Posted on December 5, 2022 at 11:23 AM
Platform certificates that are used by Android smartphone vendors such as Samsung, LG, and MediaTek are being abused to sign malicious applications. A Google reverse engineer, Lukasz Siewierski, first detected this.
Platform certificates used by Android smartphone vendors abused
Android devices have been top targets for malicious actors because of their popularity of these devices. The latest exploit on platform certificates is the latest addition to the new antics that threat actors use to access these devices without authorization.
According to an Android Partner Vulnerability Initiative report, a platform certificate is an application signing certificate. It is used to sign the android application on the system image. It further adds that “the android application runs with a highly privileged user id – android.uid.system – and holds system permissions, including access to user data.”
This shows that the malicious application signed using the same certificate can gain a high level of privilege in the same way as the Android operating system. This allows the platform to access sensitive information from the affected device.
Malicious applications that have accessed these certificates can cause significant harm to the android device as they can infiltrate sensitive user data that can later be used to conduct other malicious attacks, such as phishing campaigns. Such campaigns can be detrimental to users and even organizations.
The report included a list of malicious android apps that have abused the certificates. These apps include com.russian.signato.renewis, com.sledsdffsjkh.Search, com.android.power, com.management.propaganda, com.sec.android.musicplayer, com.houla.quicken, com.attd.da, com.arlo.fappx, com.metasploit.stage and com.vantage.ectronic.cornmuni.
Despite the discovery outlined in this report, there is no evidence showing how these artifacts were detected. Moreover, no details indicate whether these artifacts were used as part of a malicious campaign. Therefore, there is no telling whether some android users have already fallen victim to these apps that have the privilege of collecting sensitive user data.
When the exploit is search on VirusTotal, it shows that the samples have already been flagged by antivirus software. Some of the antivirus solutions that have already detected and flagged these activities include adware, HiddenAds, information stealers and downloaders. They have also been detected by solutions detecting hidden malware, which could mean that the devices using these antivirus solutions have been protected.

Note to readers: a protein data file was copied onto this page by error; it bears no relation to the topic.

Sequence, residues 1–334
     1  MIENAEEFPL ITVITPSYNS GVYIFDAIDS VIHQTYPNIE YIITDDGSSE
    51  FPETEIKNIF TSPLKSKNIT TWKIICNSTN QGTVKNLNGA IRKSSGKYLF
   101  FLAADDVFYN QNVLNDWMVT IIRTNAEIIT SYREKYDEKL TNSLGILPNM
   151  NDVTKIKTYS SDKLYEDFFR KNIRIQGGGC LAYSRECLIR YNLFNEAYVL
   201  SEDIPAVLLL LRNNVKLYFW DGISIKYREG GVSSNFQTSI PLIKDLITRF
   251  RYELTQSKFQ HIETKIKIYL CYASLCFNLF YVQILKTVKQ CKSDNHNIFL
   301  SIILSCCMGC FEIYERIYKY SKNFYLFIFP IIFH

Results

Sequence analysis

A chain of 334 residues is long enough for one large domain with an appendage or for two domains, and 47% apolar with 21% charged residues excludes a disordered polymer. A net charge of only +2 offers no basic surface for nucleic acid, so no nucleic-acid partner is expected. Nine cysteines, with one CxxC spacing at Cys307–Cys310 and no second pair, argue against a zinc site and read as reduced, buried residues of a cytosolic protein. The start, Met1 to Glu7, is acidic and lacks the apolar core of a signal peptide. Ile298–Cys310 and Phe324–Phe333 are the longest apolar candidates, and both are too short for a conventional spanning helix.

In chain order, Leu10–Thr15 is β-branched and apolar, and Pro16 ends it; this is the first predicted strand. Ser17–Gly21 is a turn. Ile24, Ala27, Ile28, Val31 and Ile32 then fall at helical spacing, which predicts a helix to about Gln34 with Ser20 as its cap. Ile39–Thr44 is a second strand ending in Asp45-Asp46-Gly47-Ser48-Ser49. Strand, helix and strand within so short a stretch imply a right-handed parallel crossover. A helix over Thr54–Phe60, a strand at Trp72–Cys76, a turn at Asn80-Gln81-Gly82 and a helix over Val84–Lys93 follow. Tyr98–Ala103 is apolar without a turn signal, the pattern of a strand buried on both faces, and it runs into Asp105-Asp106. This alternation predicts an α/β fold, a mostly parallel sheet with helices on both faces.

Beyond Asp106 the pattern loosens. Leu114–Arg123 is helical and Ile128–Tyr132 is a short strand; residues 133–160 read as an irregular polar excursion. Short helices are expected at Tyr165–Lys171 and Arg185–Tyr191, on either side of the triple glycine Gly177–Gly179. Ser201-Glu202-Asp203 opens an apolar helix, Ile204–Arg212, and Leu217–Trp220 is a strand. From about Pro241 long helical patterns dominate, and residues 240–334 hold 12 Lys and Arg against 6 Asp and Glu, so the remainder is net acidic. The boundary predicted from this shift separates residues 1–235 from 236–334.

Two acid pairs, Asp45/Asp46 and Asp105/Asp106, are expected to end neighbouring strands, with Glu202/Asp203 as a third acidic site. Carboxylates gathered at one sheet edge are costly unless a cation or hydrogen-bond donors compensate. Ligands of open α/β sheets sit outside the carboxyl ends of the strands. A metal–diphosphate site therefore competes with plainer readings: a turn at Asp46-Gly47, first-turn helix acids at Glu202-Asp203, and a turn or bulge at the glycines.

However, given that the research scope is limited, no details show whether some users who did not implement antivirus solutions might have been affected by the malicious activities.
Google says it informed all affected vendors
While the researchers’ report has not mentioned whether any Android users have been affected by the malicious apps, Google has said there is no evidence that these apps were published on its app marketplace, Google Play Store.
When reached out for comment, Google also said it had notified all the affected vendors of the exploit. It said that it advised these vendors to rotate the certificates to reduce the possibility of a breach being conducted using these certificates and the possibility that these apps can harvest sensitive user credentials.
The company also added that some vendors had already changed their certificates to prevent any harm caused by the malicious apps. It said that the OEM partners had already adopted mitigation measures as soon as Google reported about the key compromise.
The company also added that the end users would be protected by the mitigation strategies that OEM partners had implemented. This means there is a reduced chance that any android users will be affected by this exploit. The mitigation measures will also reduce the chances of a similar exploit happening in the future.
Google also pointed to the different measures it had taken to identify malware on the platform and ensure that android users to not fall victim to malicious attacks. The company said that it uses its Build Test Suite to detect any malware on the system. It further added that there was no proof that the malicious apps were ever transmitted using Google Play Store, adding that users can best protect themselves through regular updates.
“Google has implemented broad detections for the malware in Build test Suite, which scams system images. Google Play Protect also detects the malware. There is no indication that this malware is or was on the Google Play Store. As always, we advise users to ensure they are running the latest version of Android,” Google added.